Quantum Monte Carlo calculations with chiral effective field theory interactions

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Quantum Monte Carlo calculations

with chiral effective field theory

interactions

Quanten-Monte-Carlo-Rechnungen mit Wechselwirkungen basierend auf chiraler effektiver Feldtheorie

Zur Erlangung des Grades eines Doktors der Naturwissenschaften (Dr. rer. nat.) genehmigte Dissertation von M.Sc. Ingo Tews aus Greifswald

Tag der Einreichung: 14.07.2015, Tag der Prüfung: 12.10.2015 2015 — Darmstadt — D 17

1. Gutachten: Prof. Ph.D. Achim Schwenk 2. Gutachten: Prof. Dr. Hans-Werner Hammer

Fachbereich Physik Institut für Kernphysik Theory Center

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Quantum Monte Carlo calculations with chiral effective field theory interactions

Quanten-Monte-Carlo-Rechnungen mit Wechselwirkungen basierend auf chiraler effektiver Feldthe-orie

Genehmigte Dissertation von M.Sc. Ingo Tews aus Greifswald

1. Gutachten: Prof. Ph.D. Achim Schwenk 2. Gutachten: Prof. Dr. Hans-Werner Hammer

Tag der Einreichung: 14.07.2015 Tag der Prüfung: 12.10.2015

2015 — Darmstadt — D 17

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Abstract

The neutron-matter equation of state connects several physical systems over a wide density range, from cold atomic gases in the unitary limit at low densities, to neutron-rich nuclei at intermediate densities, up to neutron stars which reach supranuclear densities in their core. An accurate description of the neutron-matter equation of state is therefore crucial to describe these systems. To calculate the neutron-matter equation of state reliably, precise many-body methods in combination with a systematic theory for nuclear forces are needed. Chiral effective field the-ory (EFT) is such a thethe-ory. It provides a systematic framework for the description of low-energy hadronic interactions and enables calculations with controlled theoretical uncertainties. Chiral EFT makes use of a momentum-space expansion of nuclear forces based on the symmetries of Quantum Chromodynamics, which is the fundamental theory of strong interactions. In chiral EFT, the description of nuclear forces can be systematically improved by going to higher orders in the chiral expansion. On the other hand, continuum Quantum Monte Carlo (QMC) methods are among the most precise many-body methods available to study strongly interacting systems at finite densities. They treat the Schrödinger equation as a diffusion equation in imaginary time and project out the ground-state wave function of the system starting from a trial wave function by propagating the system in imaginary time. To perform this propagation, continuum QMC methods require as input local interactions. However, chiral EFT, which is naturally formulated in momentum space, contains several sources of nonlocality.

In this Thesis, we show how to construct local chiral two-nucleon (NN) and three-nucleon (3N) interactions and discuss results of first QMC calculations for pure neutron systems. We have performed systematic auxiliary-field diffusion Monte Carlo (AFDMC) calculations for neutron matter using local chiral NN interactions. By comparing these results with many-body pertur-bation theory (MBPT), we can study the perturbative convergence of local chiral interactions. We have shown that soft, low-cutoff potentials converge well and can be reliably used in MBPT, while harder potentials are less perturbative and have to be treated within AFDMC. We have also derived consistent local chiral 3N interactions and study these forces in detail. Our results show that local regulators lead to less repulsion from 3N forces compared to nonlocal 3N forces. Finally, we present the neutron-matter equation of state based on local chiral NN and 3N in-teractions using the AFDMC method as well as results for light nuclei and neutron drops. This work paves the way for systematic QMC calculations with chiral EFT interactions for nuclei and nucleonic matter.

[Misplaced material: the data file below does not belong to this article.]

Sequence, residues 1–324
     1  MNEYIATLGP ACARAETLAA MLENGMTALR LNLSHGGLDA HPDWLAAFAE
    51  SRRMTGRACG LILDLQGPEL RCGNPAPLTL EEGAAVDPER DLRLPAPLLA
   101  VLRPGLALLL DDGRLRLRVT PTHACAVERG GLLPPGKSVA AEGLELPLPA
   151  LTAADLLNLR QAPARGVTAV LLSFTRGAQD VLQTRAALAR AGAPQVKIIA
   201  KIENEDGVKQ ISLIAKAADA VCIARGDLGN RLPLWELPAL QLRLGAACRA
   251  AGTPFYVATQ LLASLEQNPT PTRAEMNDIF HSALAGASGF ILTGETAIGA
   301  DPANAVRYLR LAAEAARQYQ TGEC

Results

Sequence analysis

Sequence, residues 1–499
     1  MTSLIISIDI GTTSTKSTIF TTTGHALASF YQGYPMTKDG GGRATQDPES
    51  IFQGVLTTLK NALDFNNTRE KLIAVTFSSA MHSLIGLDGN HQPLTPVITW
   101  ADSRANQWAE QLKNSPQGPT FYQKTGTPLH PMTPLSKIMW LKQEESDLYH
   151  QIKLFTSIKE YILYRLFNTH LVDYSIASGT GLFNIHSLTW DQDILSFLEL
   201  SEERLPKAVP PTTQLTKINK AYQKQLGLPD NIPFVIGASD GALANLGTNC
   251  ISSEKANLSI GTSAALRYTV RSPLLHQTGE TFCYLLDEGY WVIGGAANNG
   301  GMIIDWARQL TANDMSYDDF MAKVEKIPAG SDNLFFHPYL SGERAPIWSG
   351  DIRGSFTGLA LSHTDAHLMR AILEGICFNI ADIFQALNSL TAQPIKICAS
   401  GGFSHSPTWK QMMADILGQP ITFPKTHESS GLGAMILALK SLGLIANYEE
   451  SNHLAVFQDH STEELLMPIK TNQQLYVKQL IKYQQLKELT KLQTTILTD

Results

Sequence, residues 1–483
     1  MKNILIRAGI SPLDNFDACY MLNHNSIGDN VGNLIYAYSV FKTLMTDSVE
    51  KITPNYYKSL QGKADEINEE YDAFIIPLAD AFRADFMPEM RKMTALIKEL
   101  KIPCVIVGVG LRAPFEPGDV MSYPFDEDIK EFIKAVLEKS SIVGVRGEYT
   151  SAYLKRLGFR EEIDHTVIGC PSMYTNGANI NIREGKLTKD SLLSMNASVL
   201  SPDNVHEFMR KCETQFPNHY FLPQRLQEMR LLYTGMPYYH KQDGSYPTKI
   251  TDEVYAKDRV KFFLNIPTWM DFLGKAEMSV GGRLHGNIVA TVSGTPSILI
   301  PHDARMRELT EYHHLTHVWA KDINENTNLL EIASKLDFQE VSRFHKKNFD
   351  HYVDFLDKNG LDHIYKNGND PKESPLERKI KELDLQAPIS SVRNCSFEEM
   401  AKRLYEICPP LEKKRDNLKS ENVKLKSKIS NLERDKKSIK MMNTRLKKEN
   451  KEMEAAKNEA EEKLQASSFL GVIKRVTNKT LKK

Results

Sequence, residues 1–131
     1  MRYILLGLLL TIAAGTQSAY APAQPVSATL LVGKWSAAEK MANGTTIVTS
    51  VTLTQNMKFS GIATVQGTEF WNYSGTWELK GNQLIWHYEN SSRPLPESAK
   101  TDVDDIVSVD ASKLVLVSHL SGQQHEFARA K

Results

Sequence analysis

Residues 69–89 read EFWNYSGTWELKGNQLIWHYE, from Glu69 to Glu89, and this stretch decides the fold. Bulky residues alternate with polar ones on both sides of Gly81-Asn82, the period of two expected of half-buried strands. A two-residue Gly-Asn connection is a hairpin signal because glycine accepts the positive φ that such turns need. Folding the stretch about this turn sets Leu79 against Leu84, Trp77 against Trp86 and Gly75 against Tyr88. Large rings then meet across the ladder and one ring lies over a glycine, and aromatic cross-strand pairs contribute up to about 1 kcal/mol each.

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Zusammenfassung

Die Zustandsgleichung für Neutronenmaterie verbindet verschiedene physikalische Systeme über einen weiten Dichtebereich, von kalten atomaren Gasen im unitären Grenzfall bei gerin-gen Dichten, über neutronenreiche Kerne bei mittleren Dichten, bis hin zu Neutronensternen, in deren Innern supranukleare Dichten erreicht werden. Eine akkurate Beschreibung der Zustands-gleichung für Neutronenmaterie ist daher entscheidend für die Beschreibung dieser Systeme. Um die Zustandsgleichung für Neutronenmaterie verlässlich zu berechnen, werden präzise Viel-teilchenmethoden in Verbindung mit einer systematischen Theorie der Kernkräfte benötigt. Die chirale effektive Feldtheorie (EFT) ist eine solche Theorie. Sie ermöglicht eine systematische Beschreibung von hadronischen Wechselwirkungen bei kleinen Energien mit kontrollierten the-oretischen Unsicherheiten. In chiraler EFT wird eine Impulsraumentwicklung der Kernkräfte benutzt, die auf den Symmetrien der Quantenchromodynamik, der fundamentalen Theorie der starken Wechselwirkung, basiert. Die Beschreibung der Kernkräfte in chiraler EFT kann systematisch verbessert werden, indem man höhere Ordnungen in der chiralen Entwicklung berücksichtigt. Kontinuums-Quanten-Monte-Carlo-Methoden (QMC) gehören zu den präzises-ten Vielteilchenmethoden, die zur Beschreibung stark wechselwirkender Systeme bei endlichen Dichten zur Verfügung stehen. Diese Methoden behandeln die Schrödingergleichung als Dif-fusionsgleichung in imaginärer Zeit. Durch Entwicklung des Systems in imaginärer Zeit wird die Grundzustandswellenfunktion aus einer Startwellenfunktion heraus projiziert. Für diese Entwicklung benötigen Kontinuums-QMC-Methoden lokale Wechselwirkungen. Chirale EFT ist jedoch im Impulsraum formuliert und enthält daher verschiedene Nichtlokalitäten.